Award Report: Library Consortium and Open Source–SENYLRC
The Southeastern New York Library Resources Council (SENYLRC) received a Technology Immersion Award from NN/LM MAR to develop and provide web-discovery portals and enhanced catalog systems to health sciences libraries in the Hudson Valley region in New York. By incorporating two-open source solutions (Koha Integrated Library System and the Drupal Content Management System) and successfully implementing both for two pilot libraries, SENYLRC is positioned to offer these same, centrally hosted and much improved services to the remaining health science libraries in the region. SENYLRC can also serve as a model for the delivery of low-cost, high-tech solutions to other consortia and multi-site institutions. Through the improved platforms developed with the help of this award, SENYLRC member libraries will be better able to meet hospital user needs and have a new web-based discovery service which libraries could not achieve on their own. Librarians, health-care professionals, staff, and patients will have a much improved searching and retrieval capability and therefore enhanced access to licensed, library-developed, and librarian-identified, free internet medical information resources.
Librarians from the Nathan Kline Institute Health Science Library and Vassar Brothers Medical Center Medical Library worked closely with SENYLRC staff and contracted programmers to develop additional functionality, test and evaluate the Koha integrated library system software, and to create new Drupal-based library website templates. The project resulted in two separate instances of a discovery platform, allowing each of the pilot libraries to better target the needs of their unique and very different user communities. The templates can be adapted and customized, and will allow librarians to generate their own content with a limited amount of training.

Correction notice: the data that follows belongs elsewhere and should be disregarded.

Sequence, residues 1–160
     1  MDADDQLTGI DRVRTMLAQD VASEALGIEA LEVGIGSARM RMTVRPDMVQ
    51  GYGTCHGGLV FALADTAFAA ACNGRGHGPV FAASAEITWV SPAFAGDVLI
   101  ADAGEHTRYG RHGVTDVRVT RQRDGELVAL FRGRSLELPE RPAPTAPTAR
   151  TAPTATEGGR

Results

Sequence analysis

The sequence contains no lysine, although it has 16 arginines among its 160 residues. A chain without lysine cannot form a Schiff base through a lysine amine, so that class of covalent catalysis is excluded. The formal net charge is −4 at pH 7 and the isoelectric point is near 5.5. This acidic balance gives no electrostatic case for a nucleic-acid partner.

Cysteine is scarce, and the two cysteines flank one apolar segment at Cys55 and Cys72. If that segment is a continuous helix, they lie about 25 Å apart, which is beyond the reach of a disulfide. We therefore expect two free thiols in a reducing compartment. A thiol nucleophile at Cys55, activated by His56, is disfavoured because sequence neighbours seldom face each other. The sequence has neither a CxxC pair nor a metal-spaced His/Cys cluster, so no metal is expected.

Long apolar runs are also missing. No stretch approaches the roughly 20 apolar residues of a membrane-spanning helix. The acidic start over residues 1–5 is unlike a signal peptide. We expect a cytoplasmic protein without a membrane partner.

Through this pilot project, SENYLRC staff acquired the necessary experience with open source software to continue expanding the project implementations to additional hospital and special libraries in the region and perhaps beyond. The administrative module maintained by SENYLRC staff was not migrated to Drupal open-source as initially envisioned. Contracted web developers and SENYLRC staff lacked time, resources, and the needed experience to recreate the existing PHP based software within the framework of this project; thus, they decided to continue to use, but improve upon, the existing customized software module, rather than replace it.
Overall the process of technical development was far more time-consuming and challenging than anticipated. With the addition of a three-month extension to the project, we accomplished the initial project goals, supplemented TIG funds with LSTA funds through IMLS and the New York State Library to engage a professional cataloger’s assistance, and, throughout the project, gained experience with the process and some of the problems with open source development. SENYLRC staff continues to acquire expertise with both open-source systems. SENYLRC will create training materials for participating librarians as well as migrate all member hospital libraries to the new platforms in 2011. The project and the work, as well as evaluation, continue.
These applications of open source software and the documentation will be made freely available to the medical library community. The code modifications to Koha will be announced to the Koha community and posted on the SENYLRC website. One of the pilot libraries, Nathan Kline Institute, plans to utilize Koha’s circulation module. While this was not fully accomplished during the award period, it is in process and scheduled for 2011, while other modules may also be implemented in the future.
Hospital Library Program Manager
Southeastern New York Library Resources Council